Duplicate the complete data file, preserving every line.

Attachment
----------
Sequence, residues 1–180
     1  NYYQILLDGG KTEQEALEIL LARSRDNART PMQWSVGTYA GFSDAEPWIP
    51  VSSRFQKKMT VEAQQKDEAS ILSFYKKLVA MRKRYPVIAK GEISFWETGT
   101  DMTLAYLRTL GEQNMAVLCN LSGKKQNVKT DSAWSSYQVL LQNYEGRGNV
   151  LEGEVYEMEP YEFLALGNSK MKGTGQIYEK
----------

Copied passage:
Sequence, residues 1–180
     1  NYYQILLDGG KTEQEALEIL LARSRDNART PMQWSVGTYA GFSDAEPWIP
    51  VSSRFQKKMT VEAQQKDEAS ILSFYKKLVA MRKRYPVIAK GEISFWETGT
   101  DMTLAYLRTL GEQNMAVLCN LSGKKQNVKT DSAWSSYQVL LQNYEGRGNV
   151  LEGEVYEMEP YEFLALGNSK MKGTGQIYEK